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How Three of the Biggest VCs Are Building Their Crypto Strategy
Venture Capital, FinTech
When Union Square Ventures (USV) announced in June that it had invested in Multicoin Capital, a “thesis-driven” cryptofund based in Austin, Texas, it was the latest sign that the industry’s biggest venture capitalists are increasingly pouring money into the cryptocurrency space – and arguably embracing the token economy far more aggressively than most segments of the financial services industry.
However, not every VC is taking the same approach to entering the crypto market. Let’s take a look at how three of the biggest players are building their strategy with digital coins.
Union Square Ventures
With its investment in Multicoin Capital, the New York City-based Union Square Ventures has now invested in six “blockchain/crypto/token funds” over the past 18 months, according to a blog post from USV partner Fred Wilson on the firm’s website. The firm has been a player in the blockchain/crypto space since 2011and ghe companies in this sector make up 15 percent of the USV’s active portfolio and roughly 25 percent of its “recent investments,” according to Wilson.
In addition to Multicoin, USV has also invested in Blocktower Capital, Polychain Capital, Metastable Capital, Autonomous Partners and Placeholder over the past 18 months. It was also a lead investor, along with Andreessen Horowitz, in a $12-million fundraising round for Cryptokitties, the popular Ethereum-based blockchain game.
According to Wilson, USV is taking a “network approach” to its investment in the space because “the blockchain/crypto/token sector has some unique challenges for us and others in the venture capital business.”
“This portfolio of token funds gives USV a much broader reach across the blockchain/crypto/token sector than we would be able to get directly on our own and we also benefit enormously from the dialog and information sharing that exists across this network of investors,” Wilson adds.
However, as Recode’s Teddy Schleifer notes, this network approach “is likely to anger some limited partners who wonder why they are paying a fee to a venture capital fund that is merely recycling their money into a different fund.” In other words, why pay fees to a VC that is investing in a fund that you can just invest in yourself?
Wilson, responding to a tweet from Schleifer, said “we understand our LPs and their interests extremely well and take them into account in our actions.”
Marc Andreessen has been a vocal supporter of cryptocurrency – and one of Bitcoin’s highest-profile early champions. Writing in the New York Times about Bitcoin way back in 2014, Andreessen made the case for the then-fledgling digital coin – the headline was Why Bitcoin Matters – using an explainer that four years later we now associate more with blockchain more than Bitcoin. This digital coin, Andreessen wrote, “gives us, for the first time, a way for one Internet user to transfer a unique piece of digital property to another Internet user, such that the transfer is guaranteed to be safe and secure, everyone knows that the transfer has taken place, and nobody can challenge the legitimacy of the transfer. The consequences of this breakthrough are hard to overstate.”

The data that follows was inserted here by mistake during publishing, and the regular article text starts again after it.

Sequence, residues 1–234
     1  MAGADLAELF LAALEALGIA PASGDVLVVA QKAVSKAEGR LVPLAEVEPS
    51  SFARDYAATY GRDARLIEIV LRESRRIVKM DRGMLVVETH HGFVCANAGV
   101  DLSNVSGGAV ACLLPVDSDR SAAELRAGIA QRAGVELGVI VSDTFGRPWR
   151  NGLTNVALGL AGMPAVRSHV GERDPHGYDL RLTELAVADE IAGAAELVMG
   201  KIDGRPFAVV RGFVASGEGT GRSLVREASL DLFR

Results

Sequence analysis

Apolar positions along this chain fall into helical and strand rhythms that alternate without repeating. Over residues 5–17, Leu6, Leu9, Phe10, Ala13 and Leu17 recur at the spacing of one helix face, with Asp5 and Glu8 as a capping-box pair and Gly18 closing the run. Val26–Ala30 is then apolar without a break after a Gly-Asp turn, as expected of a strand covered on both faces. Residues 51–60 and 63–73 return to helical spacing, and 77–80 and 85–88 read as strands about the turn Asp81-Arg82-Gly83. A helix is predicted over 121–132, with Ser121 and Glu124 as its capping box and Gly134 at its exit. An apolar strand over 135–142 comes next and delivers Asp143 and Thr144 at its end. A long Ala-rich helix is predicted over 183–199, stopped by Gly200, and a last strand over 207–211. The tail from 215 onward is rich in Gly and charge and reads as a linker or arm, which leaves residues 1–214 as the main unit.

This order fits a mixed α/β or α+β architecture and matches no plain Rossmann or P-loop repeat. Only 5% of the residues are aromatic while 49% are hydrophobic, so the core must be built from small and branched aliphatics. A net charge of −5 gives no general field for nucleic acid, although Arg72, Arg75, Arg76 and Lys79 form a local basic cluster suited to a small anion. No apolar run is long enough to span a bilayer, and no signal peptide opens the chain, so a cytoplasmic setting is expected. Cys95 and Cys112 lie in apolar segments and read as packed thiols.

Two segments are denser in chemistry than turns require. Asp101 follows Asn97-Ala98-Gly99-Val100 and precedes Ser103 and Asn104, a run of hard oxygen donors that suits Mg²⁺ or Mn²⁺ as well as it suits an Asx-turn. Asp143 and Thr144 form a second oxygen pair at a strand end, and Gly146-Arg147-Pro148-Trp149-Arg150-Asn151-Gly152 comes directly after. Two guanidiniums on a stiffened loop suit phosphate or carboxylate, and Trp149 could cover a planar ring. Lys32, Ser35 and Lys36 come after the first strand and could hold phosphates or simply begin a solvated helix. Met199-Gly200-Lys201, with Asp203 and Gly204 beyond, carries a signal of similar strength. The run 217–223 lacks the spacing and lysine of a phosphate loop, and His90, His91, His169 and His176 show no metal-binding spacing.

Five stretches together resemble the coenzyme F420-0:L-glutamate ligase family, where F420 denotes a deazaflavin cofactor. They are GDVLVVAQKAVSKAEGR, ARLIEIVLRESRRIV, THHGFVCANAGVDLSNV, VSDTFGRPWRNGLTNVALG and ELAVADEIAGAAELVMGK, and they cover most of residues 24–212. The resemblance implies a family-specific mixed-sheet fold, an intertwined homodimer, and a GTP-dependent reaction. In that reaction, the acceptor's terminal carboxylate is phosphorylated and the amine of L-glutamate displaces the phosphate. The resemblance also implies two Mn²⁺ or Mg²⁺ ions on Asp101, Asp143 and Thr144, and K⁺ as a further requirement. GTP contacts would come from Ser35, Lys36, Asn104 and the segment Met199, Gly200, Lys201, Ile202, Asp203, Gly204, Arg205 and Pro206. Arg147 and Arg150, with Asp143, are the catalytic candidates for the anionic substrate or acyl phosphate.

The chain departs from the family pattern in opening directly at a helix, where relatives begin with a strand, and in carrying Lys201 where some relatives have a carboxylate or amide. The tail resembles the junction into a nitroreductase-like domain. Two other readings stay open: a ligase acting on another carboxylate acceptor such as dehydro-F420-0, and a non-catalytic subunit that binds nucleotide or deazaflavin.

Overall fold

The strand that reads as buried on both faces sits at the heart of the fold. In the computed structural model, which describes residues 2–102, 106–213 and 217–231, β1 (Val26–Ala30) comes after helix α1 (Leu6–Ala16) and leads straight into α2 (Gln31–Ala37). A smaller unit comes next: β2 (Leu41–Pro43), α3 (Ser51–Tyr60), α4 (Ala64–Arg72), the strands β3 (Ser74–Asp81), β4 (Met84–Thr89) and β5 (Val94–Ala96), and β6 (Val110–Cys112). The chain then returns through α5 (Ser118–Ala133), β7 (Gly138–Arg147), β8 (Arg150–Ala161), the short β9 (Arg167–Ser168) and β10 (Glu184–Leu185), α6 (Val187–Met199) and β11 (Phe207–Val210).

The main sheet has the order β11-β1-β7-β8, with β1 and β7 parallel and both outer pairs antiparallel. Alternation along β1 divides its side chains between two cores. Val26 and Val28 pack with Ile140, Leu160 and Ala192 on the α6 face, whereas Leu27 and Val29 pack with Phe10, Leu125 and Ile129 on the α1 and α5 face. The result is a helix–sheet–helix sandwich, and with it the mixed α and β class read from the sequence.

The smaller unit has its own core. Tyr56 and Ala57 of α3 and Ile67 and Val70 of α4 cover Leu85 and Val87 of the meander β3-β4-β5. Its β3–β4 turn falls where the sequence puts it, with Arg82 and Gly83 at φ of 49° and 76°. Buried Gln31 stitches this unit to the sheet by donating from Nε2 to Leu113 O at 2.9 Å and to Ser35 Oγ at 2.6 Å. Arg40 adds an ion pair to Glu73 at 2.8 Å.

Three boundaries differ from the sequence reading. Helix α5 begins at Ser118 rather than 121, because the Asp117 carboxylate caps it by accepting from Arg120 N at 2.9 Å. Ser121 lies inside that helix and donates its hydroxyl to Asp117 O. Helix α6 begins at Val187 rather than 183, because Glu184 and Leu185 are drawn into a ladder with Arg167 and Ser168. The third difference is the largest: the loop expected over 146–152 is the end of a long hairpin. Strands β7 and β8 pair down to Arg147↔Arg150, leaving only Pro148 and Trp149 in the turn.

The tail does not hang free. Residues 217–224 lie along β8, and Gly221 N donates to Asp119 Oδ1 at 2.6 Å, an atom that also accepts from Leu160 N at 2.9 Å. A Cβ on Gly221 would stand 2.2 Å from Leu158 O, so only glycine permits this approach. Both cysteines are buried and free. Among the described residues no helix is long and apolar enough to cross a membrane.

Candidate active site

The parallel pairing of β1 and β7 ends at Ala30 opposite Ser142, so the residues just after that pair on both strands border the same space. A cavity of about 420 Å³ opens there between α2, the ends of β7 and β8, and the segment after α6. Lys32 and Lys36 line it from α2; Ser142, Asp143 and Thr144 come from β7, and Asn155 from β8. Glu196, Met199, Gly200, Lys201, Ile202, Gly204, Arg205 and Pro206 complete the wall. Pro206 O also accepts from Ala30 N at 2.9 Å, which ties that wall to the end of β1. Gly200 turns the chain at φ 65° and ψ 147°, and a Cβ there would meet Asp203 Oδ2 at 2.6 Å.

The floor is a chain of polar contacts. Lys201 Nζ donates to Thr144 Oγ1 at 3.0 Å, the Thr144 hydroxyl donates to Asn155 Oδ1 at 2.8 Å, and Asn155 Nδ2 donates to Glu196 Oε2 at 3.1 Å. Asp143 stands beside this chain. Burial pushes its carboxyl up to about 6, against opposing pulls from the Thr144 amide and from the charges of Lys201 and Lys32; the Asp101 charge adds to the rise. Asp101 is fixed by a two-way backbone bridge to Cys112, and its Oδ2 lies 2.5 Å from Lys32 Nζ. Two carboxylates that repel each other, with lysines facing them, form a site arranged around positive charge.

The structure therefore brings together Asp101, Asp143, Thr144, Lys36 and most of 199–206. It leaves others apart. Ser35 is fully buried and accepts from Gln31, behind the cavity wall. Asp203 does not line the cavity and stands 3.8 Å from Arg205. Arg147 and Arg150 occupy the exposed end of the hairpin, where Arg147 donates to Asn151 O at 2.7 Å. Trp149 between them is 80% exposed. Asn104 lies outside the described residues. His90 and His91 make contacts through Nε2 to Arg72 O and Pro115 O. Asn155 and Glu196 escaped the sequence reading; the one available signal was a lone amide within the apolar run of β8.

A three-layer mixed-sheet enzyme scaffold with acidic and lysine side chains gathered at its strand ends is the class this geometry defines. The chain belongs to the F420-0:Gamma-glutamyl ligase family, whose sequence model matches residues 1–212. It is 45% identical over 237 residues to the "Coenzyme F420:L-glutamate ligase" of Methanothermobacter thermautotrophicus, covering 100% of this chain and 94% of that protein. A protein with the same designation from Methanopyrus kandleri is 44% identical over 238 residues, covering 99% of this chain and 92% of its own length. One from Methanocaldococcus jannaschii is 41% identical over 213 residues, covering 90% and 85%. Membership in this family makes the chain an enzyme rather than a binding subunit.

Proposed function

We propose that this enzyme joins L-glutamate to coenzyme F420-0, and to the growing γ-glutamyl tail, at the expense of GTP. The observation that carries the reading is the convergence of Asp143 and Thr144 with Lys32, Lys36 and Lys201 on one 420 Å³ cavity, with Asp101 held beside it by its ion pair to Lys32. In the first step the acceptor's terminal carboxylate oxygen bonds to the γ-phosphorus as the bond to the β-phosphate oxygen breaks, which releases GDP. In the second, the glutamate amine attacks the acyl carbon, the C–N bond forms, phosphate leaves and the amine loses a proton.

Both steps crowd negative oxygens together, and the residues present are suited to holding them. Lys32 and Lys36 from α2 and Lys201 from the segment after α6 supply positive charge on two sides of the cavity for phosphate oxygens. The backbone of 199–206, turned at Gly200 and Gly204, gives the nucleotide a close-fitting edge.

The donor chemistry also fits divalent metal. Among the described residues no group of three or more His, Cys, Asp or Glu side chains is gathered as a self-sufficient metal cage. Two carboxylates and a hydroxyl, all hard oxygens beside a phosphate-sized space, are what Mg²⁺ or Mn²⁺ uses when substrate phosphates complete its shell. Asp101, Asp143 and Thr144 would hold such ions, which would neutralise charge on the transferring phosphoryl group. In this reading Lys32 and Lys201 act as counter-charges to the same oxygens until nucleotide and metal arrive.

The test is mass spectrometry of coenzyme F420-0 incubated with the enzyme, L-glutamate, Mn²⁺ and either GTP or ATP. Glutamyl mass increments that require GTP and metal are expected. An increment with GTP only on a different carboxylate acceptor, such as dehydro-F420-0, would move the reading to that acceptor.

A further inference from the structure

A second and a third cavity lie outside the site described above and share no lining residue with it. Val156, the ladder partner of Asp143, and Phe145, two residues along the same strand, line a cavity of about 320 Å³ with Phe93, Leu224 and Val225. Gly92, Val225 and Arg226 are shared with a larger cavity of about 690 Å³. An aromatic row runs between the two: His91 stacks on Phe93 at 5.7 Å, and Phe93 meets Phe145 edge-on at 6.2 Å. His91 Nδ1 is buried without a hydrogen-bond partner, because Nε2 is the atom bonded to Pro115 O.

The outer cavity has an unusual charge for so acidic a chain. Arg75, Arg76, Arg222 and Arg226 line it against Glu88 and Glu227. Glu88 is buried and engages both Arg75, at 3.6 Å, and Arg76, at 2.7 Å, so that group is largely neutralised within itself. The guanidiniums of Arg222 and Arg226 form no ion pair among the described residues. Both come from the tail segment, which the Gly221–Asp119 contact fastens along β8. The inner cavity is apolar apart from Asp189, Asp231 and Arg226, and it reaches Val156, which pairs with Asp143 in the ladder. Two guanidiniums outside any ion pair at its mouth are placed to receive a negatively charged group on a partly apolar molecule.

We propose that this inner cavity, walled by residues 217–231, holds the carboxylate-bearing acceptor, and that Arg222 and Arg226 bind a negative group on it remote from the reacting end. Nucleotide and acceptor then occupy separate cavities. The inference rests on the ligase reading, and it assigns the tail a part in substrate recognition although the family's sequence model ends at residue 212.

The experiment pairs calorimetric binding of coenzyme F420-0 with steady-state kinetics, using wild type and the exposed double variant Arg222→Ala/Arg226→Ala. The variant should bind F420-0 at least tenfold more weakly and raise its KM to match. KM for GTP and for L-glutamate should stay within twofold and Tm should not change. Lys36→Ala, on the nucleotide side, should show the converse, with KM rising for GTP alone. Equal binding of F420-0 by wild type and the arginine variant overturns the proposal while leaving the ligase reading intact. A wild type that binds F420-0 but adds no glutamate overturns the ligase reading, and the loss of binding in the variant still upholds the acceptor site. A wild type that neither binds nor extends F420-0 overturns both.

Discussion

However, while an early supporter of Bitcoin, Andreessen and his firm have now set their sights on a much more ambitious strategy: The A16z crypto fund. Launched in June – but highly anticipated after Recode reported on it back in April – this $300-million venture fund will invest in crypto companies and protocols.
The “fund is designed to include the best features of traditional venture capital, updated to the modern crypto world,” according to Chris Dixon, a general partner for A16z. It is designed to hold investments for 10+ years. (Read more about the fund here.)
As the Times notes, Andreessen Horowitz began “dabbling in cryptocurrencies in 2013, when digital tokens were a fringe business.” It was one of the earliest investors in Coinbase, where Dixon sits on the board along with Katie Haun, who has just been named the first female partner at Andreessen Horowitz – and who will serve on the team for A16z.
Lightspeed Venture Partners
There are currently more questions than answers about Lightspeed Venture Partners’ strategy in the crypto space. Recode reported in May that the firm is considering setting aside an “earmarked pool of cash within a bigger fund to be spent solely on crypto investments.”
Although Lightspeed is still debating its approach to cryptocurrencies, according to Recode – and could even follow Andreessen Horowitz’s lead and launch a separate crypto fund – the “most probable outcome” is to set aside cash for crypto investments within a larger fund.
Lightspeed’s ongoing discussions about how to approach its crypto strategy is something a lot of VCs are currently engaged in, as Recode notes:
Lightspeed’s internal deliberations are just one example of the struggle that venture capital firms face: Nearly every top-tier firm in Silicon Valley is deliberating how exactly they should be set up in order to invest in crypto, which some enthusiasts believe is the next wave of innovation.
But skeptics worry about creating a separate fund — a legally-distinct, independent structure — if the sector melts under regulatory risk or if it isn’t as financially fruitful as its evangelists hoped when raising money.
Lightspeed is already an investor – along with Andreessen Horowitz – in Basis, a New Jersey-based cryptocurrency startup that’s working to develop a new stablecoin. It is also reportedly an investor in Telegram’s massive initial coin offering, according to Recode.